Indigenous Corn Restoration Project

2008 Annual Report for LNC08-301

Project Type: Research and Education
Funds awarded in 2008: $150,000.00
Projected End Date: 12/31/2011
Grant Recipient: White Earth Land Recovery Project
Region: North Central
State: Minnesota
Project Coordinator:
Winona LaDuke
White Earth Land Recovery Project

Indigenous Corn Restoration Project


The White Earth Land Recovery Project has sponsored the Great Lakes Indigenous Farming Conference for the past 5 years. Our 2009 conference held in the month of February, provided the networking necessary to contact local and regional farmers to whom we could introduce the Indigenous Corn Restoration project. Their was a total of 80 representatives from tribes of this region in attendance including Sisseton Wahpeton Dakota, Red Lake Nation, Leech Lake Nation, Mille Lacs Ojibwe, Menominee Nation, Oneida Nation, Bay Mills Ojibwe, Keewanaw Bay Ojibwe, Saginaw Chippewa Ojibwe. The conference hosted around 30 students from the Pine Point Elementary school in Ponsford, Minnesota. During the conference we had workshops and presentations on corn including; hominy making and tasting, corn cultivation displays, and seed saving presentations. We grew two separate crops of heritage corn on the White Earth reservation, a Bear Island Flint Corn, and a Manitoba white flint corn. We grew these corn in both fields and in three sisters mounds in our heritage garden. We did extensive outreach and background research.

Objectives/Performance Targets

Research and background work on historical and anthropological corn data, restoration of bear island flint corn. Inital outreach into farmers.

l) Research into anthropological and other sources: beginning with Corn of the Upper Missouri, we began historical and ethnograhical research into tribal corn varieties of the region. This landed us further research leads, and provided a foundation of families to discuss this subject with from the various communities. We undertook research into dissertations and other anthropological background materials on corn varieties , through interviewing tribal historical and academics who worked in these issues.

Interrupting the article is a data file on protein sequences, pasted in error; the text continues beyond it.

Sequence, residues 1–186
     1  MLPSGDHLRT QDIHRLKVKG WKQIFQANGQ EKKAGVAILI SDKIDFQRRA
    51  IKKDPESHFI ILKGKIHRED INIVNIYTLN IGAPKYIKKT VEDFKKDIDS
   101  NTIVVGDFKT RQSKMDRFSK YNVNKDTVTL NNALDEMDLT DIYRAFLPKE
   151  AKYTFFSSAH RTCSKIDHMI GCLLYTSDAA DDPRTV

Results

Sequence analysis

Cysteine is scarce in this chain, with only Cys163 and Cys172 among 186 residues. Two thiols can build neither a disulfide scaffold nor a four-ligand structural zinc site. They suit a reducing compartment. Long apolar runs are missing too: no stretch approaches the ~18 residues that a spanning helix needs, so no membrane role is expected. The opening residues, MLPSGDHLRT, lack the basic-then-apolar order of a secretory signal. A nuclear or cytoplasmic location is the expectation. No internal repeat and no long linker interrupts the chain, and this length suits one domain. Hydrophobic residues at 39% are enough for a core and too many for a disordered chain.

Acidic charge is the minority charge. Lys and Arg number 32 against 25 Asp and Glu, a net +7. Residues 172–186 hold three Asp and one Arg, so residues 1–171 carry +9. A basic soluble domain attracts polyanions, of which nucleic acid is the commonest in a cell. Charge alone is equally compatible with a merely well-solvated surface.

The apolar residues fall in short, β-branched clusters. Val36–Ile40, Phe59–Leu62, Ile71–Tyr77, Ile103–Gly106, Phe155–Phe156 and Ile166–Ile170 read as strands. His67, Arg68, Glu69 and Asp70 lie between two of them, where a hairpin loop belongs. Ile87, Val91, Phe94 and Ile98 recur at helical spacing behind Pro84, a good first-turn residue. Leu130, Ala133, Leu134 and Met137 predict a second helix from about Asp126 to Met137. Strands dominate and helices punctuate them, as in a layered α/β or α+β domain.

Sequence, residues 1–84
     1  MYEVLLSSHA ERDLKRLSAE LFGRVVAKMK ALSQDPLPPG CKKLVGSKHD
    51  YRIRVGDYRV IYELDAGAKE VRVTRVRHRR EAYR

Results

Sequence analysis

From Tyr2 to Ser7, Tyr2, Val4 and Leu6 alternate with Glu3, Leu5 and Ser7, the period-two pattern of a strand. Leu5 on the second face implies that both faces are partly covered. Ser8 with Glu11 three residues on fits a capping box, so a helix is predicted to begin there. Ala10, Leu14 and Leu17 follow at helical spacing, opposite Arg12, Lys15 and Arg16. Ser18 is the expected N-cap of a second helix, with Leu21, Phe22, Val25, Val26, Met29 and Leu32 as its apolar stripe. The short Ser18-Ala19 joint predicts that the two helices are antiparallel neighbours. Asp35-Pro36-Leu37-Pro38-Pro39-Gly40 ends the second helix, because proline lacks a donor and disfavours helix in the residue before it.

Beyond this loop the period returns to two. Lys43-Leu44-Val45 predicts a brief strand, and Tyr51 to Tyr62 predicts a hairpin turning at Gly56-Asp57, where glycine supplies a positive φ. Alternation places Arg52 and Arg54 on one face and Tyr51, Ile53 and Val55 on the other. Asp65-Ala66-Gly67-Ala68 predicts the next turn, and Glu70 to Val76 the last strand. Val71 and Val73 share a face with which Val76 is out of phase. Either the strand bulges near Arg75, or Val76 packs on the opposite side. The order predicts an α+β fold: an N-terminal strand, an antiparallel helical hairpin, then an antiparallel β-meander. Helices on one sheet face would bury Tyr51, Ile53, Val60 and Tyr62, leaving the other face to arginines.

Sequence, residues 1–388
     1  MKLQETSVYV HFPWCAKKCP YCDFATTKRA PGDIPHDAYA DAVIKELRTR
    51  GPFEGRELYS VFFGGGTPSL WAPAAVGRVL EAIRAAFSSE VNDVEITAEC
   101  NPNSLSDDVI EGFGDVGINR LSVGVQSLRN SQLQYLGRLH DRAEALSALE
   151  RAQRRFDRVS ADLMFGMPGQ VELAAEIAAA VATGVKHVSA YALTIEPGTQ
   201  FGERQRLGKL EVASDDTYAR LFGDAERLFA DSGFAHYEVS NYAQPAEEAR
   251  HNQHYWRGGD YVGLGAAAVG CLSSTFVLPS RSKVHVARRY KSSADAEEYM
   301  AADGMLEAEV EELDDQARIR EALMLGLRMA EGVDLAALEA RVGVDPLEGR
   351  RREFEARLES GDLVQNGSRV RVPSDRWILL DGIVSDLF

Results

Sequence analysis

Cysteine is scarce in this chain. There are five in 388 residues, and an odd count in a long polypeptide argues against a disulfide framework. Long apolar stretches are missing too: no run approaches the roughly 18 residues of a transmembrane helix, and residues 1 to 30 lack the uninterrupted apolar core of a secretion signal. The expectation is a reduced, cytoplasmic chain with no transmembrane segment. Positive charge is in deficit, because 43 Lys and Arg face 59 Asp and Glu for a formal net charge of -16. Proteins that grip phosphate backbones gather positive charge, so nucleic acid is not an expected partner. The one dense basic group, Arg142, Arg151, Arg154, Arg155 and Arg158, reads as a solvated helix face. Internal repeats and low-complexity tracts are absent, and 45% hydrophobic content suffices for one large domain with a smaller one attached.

2) We grew four acres of Bear Island Flint Corn, and worked with Curt Ballard to grow an additional 4 acres of Bear Island Flint Corn. This corn is very productive in our region , and is a multi-colored flint corn. We are keen on expanding the varieties we grow to a yellow and white flint corn, as these are also of great interest to our community. We began outreach to other farmers about the corn, and found that we had great interest in the tribal and non tribal community to grow these varieties.

3) We did outreach to farmers by presenting at the Northern Plains Sustainable Agriculture Meeting in February of 2008, and beginning to discuss this issue, as well we went to meet with corn growers and seed savers Steve Zwinger and David Podoll about our interest in restoration. We did a presentation at the United Tribes Technical College, and at the Sisseton Wahpeton Tribe, garnering more interest in the project. We were able to bring school children from the Pine Point Elementary School out to the field and pick.


Background work and research identified secondary sources, and interview possibilities to follow up with in the communities. This also helped us identify possible varieties to find near the reservation and in the adjoining areas, and in seed repositories like the National Plant Germplasm System (GRIN) and in tribal communities.

Growing corn varieties each year teaches us something new about how the variety responds to inclimate weather, various traditional fertilizers and adapted fertilizers, and our cultivation methods. Growing traditional corn allows us to teach our children about our history, and produce traditional foods for our schools. This also spurs more interest in the youth in our work. In 2008 we were able to harvest corn varieties with children from the Pine Point Elementary School. We will continue this harvest work each year. And hope to have more interest in youth because of our example.

Our outreach resulted in greater interest in corn growing in the communities in our region.

Impacts and Contributions/Outcomes

l) Researching historic and new dissertations found us new allies in the corn research, and has allowed us to begin to put together materials in a format which will be culturally appropriate for Native people and their allies in the region.

2) Growing corn varieties has meant that this is the foundation of regional seeds stock. Presenting these corn varieties at cultural events in our region has met with great resonance, as the ceremonial foods associated with the cultural ceremonies have returned. This is a very great occasion for our people, and can’t be quantified. However, this also means that more songs and stories are forwarded to our people from the community, as they see the good of the corn and the project.

3) The Indigenous Farming Conference of 2008, hosted around l00 individuals from the region who were keen to create a tribal food restoration program. We were able to meet with indigenous corn growers from other regions as well to encourage cultural and technical collaboration, and generated more interest in non-Native farmers in our region about the corn varieties.


Steve Zwinger

[email protected]
Research Specialist
North Dakota State University
663 Hwy. 281 NE
PO Box 219
Carrington, ND 58421
Office Phone: 7016522951
Dr. Marcelo Carena

[email protected]
North Dakota State University
Loftsgard Hall PO Box 5051
Fargo, ND 58102
Office Phone: 7012317971